Many women struggle to have a career and a family simultaneously. Pregnancy discrimination laws are meant to help. Just like race, gender, age, and religion, pregnancy is a protected status in US employment law. Technically, an employer cannot make hiring, firing, or promotion decisions based on whether an employee is pregnant, but since employers have broad discretion in these matters, it can be difficult to prove that an employer's decision was motivated by a particular employee's “familial status.” Proper preparation and education about pregnant employees' rights are essential to creating a welcoming, supportive, and legally compliant workplace for employees with families. Look through the articles in this section for a wealth of useful information.
Pregnancy Discrimination in the Workplace
Pregnancy discrimination occurs when a female employee or applicant is discriminated against on account of their pregnancy, childbirth, or related medical condition. The Pregnancy Discrimination Act added protections for the pregnant to the Civil Rights Act of 1964. Pursuant to the act employers with 15 or more employees, state and local governments, employment agencies, labor organizations, and the federal government are prevented from discriminating against pregnant employees.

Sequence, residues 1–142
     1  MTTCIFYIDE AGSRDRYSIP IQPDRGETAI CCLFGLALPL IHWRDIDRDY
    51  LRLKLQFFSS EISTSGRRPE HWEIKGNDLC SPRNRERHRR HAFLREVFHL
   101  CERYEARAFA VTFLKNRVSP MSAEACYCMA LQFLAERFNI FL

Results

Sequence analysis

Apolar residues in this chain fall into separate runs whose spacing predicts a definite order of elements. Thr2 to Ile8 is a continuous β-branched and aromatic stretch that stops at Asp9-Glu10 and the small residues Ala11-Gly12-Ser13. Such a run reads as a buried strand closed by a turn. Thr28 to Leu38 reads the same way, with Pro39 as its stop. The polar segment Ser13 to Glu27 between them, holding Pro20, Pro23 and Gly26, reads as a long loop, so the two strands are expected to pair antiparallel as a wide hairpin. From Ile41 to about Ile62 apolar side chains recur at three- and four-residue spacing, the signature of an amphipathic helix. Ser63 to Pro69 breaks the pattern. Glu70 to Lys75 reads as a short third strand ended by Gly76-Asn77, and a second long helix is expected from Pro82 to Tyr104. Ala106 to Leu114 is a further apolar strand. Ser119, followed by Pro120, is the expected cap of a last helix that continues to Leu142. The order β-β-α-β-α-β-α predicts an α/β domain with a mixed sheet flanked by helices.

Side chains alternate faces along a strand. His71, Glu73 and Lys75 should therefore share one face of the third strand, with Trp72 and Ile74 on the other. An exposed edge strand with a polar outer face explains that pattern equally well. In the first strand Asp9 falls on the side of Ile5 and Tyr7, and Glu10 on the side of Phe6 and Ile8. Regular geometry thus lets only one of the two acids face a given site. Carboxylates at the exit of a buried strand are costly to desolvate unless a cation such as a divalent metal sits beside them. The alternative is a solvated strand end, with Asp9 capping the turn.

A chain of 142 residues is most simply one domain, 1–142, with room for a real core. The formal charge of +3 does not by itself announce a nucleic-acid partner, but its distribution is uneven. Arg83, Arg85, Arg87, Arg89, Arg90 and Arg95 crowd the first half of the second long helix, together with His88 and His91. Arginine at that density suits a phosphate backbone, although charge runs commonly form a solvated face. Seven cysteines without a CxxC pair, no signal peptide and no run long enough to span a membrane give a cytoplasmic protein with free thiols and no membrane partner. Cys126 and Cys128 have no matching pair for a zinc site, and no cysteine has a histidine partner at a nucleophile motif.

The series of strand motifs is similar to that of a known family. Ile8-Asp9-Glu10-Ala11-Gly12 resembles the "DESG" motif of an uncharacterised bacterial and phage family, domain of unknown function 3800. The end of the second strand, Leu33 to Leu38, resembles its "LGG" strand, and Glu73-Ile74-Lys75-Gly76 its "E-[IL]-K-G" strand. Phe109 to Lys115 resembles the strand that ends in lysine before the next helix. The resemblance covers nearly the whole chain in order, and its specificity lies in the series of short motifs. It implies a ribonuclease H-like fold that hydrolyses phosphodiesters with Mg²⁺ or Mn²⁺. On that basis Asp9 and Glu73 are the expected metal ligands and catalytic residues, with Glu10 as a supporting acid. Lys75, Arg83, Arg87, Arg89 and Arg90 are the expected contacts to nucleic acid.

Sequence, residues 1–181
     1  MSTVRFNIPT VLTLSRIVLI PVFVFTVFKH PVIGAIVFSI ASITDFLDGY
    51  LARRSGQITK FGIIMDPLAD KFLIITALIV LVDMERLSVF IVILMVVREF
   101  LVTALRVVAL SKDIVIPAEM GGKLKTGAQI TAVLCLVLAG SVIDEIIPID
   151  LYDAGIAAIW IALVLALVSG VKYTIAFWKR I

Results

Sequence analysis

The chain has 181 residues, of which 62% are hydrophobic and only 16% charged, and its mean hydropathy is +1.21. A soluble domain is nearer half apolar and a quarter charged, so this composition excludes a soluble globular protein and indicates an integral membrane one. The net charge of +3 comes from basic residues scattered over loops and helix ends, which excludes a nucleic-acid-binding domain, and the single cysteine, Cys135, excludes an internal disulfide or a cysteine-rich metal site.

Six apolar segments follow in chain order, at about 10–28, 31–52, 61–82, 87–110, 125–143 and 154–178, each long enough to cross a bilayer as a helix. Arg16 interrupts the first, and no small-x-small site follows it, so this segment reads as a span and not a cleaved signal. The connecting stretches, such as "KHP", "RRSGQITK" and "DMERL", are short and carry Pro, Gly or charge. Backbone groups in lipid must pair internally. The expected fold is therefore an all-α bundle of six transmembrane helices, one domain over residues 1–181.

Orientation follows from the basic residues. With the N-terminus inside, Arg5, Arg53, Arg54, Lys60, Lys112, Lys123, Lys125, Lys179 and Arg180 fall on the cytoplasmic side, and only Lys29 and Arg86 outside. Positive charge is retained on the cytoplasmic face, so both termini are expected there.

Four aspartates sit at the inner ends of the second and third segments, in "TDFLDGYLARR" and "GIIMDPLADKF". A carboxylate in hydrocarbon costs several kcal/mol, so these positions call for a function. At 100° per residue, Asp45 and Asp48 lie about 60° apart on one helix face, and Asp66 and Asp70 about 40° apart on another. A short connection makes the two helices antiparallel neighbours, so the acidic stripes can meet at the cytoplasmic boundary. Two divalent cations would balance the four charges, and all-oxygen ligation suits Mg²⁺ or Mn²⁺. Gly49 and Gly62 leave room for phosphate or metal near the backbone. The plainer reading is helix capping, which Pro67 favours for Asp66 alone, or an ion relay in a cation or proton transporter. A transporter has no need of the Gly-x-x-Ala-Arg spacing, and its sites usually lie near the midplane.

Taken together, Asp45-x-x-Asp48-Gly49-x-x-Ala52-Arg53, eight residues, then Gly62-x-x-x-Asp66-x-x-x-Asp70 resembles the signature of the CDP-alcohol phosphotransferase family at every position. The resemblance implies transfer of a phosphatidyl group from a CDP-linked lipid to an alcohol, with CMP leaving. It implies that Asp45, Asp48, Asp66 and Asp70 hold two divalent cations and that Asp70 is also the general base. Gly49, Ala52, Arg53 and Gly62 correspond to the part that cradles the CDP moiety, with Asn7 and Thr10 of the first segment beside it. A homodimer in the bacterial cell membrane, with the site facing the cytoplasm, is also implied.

The law establishes that a pregnant worker who is temporarily unable to perform their job duties must be treated the same way other temporarily disabled workers should be treated. The employer may need to modify work assignments or tasks, provide disability pay, or unpaid leave. Employers can't ask about whether applicants are pregnant or intend to get pregnant. They can't require employees give notice of pregnancy unless there is a legitimate business purpose and the requirement does not restrict the employee's job opportunities. Employers can't prevent a pregnant employee from working when they want to and are physically capable. They must provide health insurance coverage on the same basis as costs for other medical conditions. There are many other restrictions intended to safeguard equal treatment of pregnant employees.
Facts about Pregnancy Discrimination
Employers cannot single out pregnancy related conditions for special procedures to determine their ability to work, but they may use any procedure used to screen other employee's ability to work. If all employees must provide a doctor's statement before granting leave or paying sick leave benefits pregnant employees would also be subject to the policy. Likewise, if the pregnant employee cannot work temporarily the policies and procedures that normally apply to temporarily disabled employees would apply to the pregnant employee.
If a pregnant employee is absent from work for a pregnancy-related condition and recovers before childbirth they can't be prevented from returning and employers may not set a rule prohibiting the return to work within a set period after childbirth. Employers need to hold a position for the same length of time they would hold a position for employees on sick or disability leave.
Health insurance provided by an employer must cover expenses for pregnancy related conditions on the same basis as they are provided for other medical conditions. This coverage needn't include expenses for an abortion unless the mother's life is endangered. Pregnancy related benefits cannot be limited to married employees.